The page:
American Institutes for Research Fights Pearson Common-Core Testing Award
A decision to give the education provider Pearson a major, potentially lucrative contract for common-core testing is being challenged by a competitor who claims the award was made through a process that was unfair and biased in favor of the eventual winner.
The American Institutes for Research, a Washington-based organization that has a substantial place in the testing field, has filed a legal action in New Mexico state court that argues the contract was awarded in a process that was illegal, and structured in a way that wrongly benefited one company—Pearson.
AIR initially filed a protest with New Mexico state officials six months ago, not long after the invitation for bids on behalf of a group of common-core states—those belonging to the PARCC testing consortium—was issued. The state rejected that protest, saying it hadn't been filed within the required time window.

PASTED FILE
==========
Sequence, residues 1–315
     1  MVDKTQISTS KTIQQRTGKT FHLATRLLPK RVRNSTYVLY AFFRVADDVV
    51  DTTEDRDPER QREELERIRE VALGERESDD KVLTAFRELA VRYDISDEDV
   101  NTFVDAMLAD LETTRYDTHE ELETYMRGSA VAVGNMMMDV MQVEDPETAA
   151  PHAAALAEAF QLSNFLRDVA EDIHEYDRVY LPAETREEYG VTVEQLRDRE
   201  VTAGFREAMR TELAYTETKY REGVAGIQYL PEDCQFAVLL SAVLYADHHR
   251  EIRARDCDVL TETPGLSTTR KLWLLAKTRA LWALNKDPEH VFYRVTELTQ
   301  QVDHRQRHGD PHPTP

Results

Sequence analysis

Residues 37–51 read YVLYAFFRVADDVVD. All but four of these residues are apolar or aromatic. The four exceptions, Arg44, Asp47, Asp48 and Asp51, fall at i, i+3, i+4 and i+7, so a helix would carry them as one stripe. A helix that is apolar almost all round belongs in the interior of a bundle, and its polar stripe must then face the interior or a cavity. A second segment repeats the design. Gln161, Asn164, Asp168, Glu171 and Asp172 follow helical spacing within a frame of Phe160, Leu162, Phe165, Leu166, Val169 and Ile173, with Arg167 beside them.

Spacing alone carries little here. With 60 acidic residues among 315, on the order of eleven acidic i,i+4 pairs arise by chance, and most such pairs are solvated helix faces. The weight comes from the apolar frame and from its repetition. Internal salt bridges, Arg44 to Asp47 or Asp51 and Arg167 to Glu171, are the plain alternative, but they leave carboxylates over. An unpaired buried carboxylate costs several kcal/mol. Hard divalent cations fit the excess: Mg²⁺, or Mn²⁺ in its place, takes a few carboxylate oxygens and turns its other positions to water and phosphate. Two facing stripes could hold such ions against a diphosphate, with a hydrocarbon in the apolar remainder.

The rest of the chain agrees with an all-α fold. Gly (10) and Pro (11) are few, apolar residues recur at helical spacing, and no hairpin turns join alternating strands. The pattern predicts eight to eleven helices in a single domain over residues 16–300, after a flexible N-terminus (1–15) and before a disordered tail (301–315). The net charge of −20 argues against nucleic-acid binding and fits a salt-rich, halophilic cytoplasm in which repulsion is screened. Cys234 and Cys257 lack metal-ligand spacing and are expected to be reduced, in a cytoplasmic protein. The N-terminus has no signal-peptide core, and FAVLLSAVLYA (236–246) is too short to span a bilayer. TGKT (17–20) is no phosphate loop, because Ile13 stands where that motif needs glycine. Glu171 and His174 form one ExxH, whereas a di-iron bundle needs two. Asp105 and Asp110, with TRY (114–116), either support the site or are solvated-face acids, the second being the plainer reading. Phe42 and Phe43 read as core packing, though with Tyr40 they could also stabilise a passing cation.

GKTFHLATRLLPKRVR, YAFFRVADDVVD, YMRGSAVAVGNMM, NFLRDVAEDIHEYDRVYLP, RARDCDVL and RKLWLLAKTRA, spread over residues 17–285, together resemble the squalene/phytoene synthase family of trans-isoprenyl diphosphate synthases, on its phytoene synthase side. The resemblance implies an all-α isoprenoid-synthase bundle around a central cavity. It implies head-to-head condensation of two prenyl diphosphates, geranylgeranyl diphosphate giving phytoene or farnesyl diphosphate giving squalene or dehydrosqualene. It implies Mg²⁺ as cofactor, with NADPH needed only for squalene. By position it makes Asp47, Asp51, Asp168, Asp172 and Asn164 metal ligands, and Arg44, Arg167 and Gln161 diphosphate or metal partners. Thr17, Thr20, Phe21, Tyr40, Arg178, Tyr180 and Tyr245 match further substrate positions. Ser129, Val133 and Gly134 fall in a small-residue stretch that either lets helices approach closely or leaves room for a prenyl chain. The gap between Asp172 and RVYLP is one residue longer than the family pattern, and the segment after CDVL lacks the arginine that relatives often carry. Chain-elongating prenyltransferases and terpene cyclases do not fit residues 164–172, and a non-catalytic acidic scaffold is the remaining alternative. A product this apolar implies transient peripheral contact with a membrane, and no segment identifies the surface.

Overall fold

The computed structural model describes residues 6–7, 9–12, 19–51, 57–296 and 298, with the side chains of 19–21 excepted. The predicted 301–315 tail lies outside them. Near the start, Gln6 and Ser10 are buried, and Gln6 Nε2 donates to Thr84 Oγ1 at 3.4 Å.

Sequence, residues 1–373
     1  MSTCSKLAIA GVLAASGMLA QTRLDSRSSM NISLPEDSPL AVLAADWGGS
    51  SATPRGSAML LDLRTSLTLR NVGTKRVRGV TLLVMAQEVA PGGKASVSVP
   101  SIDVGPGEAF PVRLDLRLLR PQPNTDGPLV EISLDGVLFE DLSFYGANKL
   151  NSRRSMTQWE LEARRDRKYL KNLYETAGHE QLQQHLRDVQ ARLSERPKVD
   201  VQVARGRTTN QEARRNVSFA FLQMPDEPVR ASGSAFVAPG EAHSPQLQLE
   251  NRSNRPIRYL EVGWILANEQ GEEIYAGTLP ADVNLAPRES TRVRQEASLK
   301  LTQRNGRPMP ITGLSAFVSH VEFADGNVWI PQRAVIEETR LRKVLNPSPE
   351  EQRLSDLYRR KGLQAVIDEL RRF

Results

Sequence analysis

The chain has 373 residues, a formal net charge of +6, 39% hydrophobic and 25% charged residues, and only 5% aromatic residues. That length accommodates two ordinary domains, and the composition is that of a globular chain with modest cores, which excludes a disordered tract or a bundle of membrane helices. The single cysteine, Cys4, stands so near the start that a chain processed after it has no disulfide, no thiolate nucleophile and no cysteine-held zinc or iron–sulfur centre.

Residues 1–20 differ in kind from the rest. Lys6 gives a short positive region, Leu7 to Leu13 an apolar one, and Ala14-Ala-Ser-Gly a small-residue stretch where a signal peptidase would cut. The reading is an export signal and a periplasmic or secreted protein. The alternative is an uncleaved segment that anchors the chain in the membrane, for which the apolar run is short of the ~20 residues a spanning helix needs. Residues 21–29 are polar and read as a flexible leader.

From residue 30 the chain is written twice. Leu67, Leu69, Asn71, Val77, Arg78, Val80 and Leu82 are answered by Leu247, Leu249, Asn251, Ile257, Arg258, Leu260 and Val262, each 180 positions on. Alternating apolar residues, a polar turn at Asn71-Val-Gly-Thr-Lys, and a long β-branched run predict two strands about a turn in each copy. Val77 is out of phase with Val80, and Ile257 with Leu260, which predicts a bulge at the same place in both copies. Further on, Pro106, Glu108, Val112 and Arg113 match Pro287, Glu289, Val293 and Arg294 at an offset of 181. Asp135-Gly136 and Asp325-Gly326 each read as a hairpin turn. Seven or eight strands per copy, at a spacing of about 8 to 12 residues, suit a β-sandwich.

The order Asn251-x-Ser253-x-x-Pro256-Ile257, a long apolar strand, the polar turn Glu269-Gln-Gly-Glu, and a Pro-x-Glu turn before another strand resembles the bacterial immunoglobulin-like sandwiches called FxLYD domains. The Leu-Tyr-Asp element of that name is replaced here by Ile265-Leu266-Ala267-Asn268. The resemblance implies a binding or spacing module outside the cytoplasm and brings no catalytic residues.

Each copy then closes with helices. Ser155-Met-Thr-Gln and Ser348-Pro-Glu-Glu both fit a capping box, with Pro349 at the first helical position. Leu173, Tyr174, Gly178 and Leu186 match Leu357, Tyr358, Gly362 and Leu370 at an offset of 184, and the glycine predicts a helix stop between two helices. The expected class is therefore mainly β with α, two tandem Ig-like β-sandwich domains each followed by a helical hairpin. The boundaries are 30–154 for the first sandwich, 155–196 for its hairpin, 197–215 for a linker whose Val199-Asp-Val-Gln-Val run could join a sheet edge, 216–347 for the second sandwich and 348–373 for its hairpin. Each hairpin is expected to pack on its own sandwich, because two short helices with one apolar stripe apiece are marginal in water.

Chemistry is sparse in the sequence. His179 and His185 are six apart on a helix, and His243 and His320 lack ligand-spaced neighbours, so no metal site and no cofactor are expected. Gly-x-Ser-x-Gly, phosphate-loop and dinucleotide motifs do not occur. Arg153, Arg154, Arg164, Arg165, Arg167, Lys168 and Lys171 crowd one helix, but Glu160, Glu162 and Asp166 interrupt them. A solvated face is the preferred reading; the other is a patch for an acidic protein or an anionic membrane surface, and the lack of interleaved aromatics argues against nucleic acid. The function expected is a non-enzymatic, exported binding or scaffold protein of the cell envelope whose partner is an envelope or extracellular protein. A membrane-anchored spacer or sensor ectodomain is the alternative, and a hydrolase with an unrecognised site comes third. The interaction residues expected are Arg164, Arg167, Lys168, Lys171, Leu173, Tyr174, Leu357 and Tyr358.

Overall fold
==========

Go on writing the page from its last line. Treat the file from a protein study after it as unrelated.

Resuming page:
Now, AIR is asking a judge to overturn the state's decision on its protest. It wants the court to declare as invalid the process for issuing the award, block the procurement from going forward, and order that the initial bid for testing work be restructured to correct problems with the solicitation.
As Education Week reported last week, Pearson, a commercial education provider with worldwide reach, won the contract to provide the development of test-items, test delivery, reporting of results, and analysis of student performance for a group of states that are part of the Partnership for Assessment of Readiness for College and Careers, or PARCC, one of two main consortia designing tests linked to the common-core standards.
A Mississippi state official, part of the negotiating team on the contract, could not put a dollar value on the contract, but described its size to EdWeek as "unprecedented" by the standards of the U.S. testing industry.
In court documents, AIR officials say they would have submitted an official proposal to do the testing work, if they thought the bidding process was fair. But they ultimately did not believe they had a legitimate chance to win, and so they decided not to turn in a proposal.